Mercury Prize 2014: Producer David Wrench's split loyalties
A Welsh record producer had more than a passing interest in the outcome of the 2014 Barclaycard Mercury Music prize - he worked with two of the finalists.
Anglesey-born David Wrench mixed Jungle's nominated album and also FKATwigs's debut LP1.
Wrench, producer of last year's Welsh Music Prize-winning Week Of Pines by Georgia Ruth, said the awards were important.
"It's a critical seal of approval on an album," he said.
DAVID WRENCH - MUSICIAN, MIXER, PRODUCER
- Engineer on the Mercury prize-nominated Two Suns by Bat For Lashes in 2009, and also for Everything Everything and Beth Orton.
- Won the BBC Radio Cymru C2 Producer of the Year award five times
- A keyboard player himself, he started in Nid Madagascar, a Welsh language acid house band in the late 1980s while still at school
- Played in Julian Cope's group Black Sheep
- Has released three solo albums, one produced by Cope. Music has ranged from folk to electronic.
- Producer for Euros Childs, Race Horses, Jackie Leven and Kathryn Williams
There were a total of 12 acts up for the £20,000 Barclaycard Mercury Prize, which was won by Glasgow hip hop act Young Fathers.
Wrench worked with FKATwigs, alias Taliah Barnett, already one to watch in BBC's Sound of 2014 list, and he said she was "unlike anything else I've ever seen - she's quite unique."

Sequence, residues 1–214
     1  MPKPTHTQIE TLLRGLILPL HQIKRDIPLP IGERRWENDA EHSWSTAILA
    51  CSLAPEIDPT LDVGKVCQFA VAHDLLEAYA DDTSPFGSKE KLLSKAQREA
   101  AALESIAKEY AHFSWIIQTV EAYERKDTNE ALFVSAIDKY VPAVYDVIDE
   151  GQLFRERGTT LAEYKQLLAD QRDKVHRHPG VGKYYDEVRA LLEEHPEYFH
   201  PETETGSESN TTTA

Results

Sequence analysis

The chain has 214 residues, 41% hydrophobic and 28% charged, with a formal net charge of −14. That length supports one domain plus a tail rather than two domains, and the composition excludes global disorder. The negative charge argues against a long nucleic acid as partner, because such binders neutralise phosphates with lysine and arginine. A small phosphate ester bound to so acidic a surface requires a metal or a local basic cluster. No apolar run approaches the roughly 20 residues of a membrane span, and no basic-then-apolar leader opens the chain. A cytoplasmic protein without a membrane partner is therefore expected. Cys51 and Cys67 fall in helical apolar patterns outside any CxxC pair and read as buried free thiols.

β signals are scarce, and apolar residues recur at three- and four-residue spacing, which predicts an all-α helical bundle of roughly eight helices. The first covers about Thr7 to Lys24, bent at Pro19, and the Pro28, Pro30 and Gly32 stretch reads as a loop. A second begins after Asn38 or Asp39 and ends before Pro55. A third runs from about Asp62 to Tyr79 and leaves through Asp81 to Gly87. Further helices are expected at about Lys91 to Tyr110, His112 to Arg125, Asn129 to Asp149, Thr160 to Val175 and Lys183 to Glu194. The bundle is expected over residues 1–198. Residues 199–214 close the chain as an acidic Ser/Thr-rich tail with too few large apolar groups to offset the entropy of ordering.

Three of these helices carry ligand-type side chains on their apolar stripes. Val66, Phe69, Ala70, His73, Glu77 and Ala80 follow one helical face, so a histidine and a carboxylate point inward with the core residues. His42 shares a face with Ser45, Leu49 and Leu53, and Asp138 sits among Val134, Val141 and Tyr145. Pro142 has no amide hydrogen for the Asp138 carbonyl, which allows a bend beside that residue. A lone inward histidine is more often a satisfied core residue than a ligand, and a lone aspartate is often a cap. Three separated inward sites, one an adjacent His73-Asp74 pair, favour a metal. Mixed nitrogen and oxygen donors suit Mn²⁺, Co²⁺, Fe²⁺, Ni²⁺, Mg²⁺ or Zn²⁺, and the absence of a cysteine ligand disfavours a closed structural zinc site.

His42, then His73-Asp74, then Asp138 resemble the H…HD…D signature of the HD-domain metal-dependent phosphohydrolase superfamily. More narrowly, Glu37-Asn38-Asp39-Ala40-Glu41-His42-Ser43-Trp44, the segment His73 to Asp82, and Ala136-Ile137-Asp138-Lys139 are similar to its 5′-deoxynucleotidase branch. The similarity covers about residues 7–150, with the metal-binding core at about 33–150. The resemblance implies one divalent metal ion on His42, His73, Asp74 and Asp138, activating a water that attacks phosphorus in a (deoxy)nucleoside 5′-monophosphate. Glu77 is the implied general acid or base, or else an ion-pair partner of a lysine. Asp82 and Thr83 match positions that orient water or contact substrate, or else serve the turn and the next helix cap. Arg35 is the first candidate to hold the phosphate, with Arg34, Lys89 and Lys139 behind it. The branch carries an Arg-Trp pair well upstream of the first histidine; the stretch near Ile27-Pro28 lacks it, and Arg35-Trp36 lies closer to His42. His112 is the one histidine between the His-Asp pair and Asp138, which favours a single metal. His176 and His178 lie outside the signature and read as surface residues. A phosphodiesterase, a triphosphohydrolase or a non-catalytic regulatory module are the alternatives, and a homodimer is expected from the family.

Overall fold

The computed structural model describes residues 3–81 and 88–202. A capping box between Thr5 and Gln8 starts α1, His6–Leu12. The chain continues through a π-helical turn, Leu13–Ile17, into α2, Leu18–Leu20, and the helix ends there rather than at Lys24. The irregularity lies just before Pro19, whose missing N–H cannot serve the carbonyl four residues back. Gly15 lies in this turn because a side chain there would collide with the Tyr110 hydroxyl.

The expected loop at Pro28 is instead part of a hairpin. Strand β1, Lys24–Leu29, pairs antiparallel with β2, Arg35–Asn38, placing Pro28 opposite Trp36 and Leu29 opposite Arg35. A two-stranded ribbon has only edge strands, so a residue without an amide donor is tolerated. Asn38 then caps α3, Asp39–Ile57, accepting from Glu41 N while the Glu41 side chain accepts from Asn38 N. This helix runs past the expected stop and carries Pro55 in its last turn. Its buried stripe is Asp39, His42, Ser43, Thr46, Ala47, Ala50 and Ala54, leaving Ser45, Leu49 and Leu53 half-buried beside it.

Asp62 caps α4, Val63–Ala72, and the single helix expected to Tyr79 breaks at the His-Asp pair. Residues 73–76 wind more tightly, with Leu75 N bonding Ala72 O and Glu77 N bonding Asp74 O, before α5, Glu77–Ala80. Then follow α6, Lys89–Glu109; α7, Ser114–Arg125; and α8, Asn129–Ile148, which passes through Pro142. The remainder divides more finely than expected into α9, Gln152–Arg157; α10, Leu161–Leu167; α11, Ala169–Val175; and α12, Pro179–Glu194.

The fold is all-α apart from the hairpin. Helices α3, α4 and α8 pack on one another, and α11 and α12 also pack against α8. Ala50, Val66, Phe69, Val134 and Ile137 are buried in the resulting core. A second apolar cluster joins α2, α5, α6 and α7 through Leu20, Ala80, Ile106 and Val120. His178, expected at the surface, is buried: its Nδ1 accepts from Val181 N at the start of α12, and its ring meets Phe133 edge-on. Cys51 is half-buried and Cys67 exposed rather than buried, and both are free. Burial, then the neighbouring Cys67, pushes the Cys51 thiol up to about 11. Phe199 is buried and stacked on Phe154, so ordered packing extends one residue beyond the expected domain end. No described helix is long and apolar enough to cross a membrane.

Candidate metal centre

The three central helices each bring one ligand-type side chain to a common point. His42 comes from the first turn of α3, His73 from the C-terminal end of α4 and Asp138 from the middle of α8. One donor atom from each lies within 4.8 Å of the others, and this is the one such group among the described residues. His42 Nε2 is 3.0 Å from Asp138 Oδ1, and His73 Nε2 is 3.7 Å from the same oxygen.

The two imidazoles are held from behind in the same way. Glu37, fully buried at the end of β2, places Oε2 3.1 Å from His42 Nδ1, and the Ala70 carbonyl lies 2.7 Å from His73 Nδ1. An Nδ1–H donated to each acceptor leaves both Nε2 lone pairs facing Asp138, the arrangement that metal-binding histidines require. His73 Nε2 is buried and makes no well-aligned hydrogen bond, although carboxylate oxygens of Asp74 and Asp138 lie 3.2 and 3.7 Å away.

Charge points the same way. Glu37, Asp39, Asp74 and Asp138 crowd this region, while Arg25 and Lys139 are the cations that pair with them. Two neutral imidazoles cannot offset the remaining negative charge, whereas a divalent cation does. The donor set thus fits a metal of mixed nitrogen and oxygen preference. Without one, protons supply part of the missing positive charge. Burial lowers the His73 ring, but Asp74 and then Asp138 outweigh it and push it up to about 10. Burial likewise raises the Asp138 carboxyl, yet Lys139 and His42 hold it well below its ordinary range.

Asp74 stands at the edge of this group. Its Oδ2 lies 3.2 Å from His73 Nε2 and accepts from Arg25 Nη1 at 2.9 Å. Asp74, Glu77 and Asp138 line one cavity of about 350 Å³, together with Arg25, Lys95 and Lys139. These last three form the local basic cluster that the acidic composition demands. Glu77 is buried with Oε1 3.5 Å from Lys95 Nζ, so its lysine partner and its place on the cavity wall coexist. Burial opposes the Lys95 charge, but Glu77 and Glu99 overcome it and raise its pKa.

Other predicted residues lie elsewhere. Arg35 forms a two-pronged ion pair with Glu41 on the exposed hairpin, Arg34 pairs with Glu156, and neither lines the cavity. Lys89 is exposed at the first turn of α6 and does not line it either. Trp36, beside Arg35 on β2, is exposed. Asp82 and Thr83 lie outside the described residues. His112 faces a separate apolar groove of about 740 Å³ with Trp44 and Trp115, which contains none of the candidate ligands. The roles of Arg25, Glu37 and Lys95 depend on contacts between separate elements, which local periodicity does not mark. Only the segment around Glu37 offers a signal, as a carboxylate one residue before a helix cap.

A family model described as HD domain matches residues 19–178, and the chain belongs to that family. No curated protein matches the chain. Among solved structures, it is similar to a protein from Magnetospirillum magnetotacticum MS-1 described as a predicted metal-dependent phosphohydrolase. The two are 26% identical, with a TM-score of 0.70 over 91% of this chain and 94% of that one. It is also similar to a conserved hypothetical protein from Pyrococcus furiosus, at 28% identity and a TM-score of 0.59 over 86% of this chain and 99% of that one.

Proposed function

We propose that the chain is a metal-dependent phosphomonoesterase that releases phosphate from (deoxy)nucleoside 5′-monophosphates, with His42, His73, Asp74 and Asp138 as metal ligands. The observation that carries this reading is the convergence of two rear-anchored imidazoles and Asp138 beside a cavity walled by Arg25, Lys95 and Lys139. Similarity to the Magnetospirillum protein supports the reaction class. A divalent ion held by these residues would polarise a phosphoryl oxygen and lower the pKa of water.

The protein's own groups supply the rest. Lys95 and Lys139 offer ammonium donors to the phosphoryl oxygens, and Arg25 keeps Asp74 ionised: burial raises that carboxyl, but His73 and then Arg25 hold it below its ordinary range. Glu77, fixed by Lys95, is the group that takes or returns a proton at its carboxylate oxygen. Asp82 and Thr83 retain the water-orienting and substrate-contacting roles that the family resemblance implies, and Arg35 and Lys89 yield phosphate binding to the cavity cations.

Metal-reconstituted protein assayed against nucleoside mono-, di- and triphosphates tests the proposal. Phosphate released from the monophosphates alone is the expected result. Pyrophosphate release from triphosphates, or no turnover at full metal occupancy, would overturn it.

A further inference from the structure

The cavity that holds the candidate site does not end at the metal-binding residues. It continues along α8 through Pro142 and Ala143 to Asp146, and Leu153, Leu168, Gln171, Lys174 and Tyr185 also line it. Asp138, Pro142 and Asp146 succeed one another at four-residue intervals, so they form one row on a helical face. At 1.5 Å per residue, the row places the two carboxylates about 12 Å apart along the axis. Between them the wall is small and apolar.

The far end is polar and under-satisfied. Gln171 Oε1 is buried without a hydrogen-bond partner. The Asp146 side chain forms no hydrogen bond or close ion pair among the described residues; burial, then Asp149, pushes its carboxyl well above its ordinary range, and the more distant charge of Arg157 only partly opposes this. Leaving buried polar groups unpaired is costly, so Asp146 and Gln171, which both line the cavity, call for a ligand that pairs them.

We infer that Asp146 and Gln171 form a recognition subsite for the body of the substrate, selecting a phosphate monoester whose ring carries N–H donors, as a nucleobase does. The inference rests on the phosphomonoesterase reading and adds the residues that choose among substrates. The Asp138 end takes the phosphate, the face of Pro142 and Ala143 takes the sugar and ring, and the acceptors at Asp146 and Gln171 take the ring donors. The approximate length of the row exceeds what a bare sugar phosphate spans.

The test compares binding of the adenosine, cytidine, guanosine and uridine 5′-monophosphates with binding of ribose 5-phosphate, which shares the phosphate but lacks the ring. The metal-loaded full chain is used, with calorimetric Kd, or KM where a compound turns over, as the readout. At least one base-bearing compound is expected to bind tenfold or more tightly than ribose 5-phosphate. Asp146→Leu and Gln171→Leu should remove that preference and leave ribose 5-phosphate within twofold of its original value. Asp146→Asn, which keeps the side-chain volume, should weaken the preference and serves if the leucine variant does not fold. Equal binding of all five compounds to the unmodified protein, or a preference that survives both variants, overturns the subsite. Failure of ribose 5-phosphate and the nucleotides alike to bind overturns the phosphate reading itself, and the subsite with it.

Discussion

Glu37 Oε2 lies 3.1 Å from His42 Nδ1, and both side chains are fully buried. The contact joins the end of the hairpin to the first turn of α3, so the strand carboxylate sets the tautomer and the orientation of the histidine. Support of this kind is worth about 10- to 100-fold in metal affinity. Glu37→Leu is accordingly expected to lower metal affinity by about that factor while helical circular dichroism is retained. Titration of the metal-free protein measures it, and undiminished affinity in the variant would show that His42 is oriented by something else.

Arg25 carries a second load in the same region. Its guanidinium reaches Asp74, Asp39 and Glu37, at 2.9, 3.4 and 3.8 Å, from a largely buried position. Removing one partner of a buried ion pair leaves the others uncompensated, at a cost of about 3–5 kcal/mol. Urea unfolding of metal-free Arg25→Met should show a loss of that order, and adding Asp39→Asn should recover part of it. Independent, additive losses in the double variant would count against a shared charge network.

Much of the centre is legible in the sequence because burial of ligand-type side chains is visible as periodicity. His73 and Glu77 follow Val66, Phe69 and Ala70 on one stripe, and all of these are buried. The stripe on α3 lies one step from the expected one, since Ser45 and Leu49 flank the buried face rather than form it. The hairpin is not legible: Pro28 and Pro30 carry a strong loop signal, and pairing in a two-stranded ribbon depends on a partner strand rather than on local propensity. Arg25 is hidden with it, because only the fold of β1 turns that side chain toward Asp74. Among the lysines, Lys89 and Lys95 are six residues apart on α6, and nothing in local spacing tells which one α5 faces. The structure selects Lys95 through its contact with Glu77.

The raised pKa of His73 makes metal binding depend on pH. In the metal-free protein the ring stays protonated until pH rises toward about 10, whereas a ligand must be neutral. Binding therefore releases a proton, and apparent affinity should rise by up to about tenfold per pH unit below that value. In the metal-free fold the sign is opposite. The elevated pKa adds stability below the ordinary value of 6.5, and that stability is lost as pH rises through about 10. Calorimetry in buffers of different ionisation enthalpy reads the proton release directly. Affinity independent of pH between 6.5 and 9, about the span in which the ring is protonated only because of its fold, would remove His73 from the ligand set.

He also worked on the debut album from fellow Londoners Jungle - a synth-pop/funk duo who initially kept their identities secret as they wanted their music to do all the talking.
"With mixing albums, they arrive with me, they've been pretty much recorded - I've got to make them sound good, polish them and get the overall sound and direction right at the last stage," he said.
As for the prize, he said it helped artists get the attention they might not otherwise get.
"There have been some ground-breaking and innovative albums in the past that have won," he said.
"It's a good list this year - and it's useful for bands to get on the list who wouldn't normally get covered. It draws attention to interesting albums that may not otherwise get so much media attention."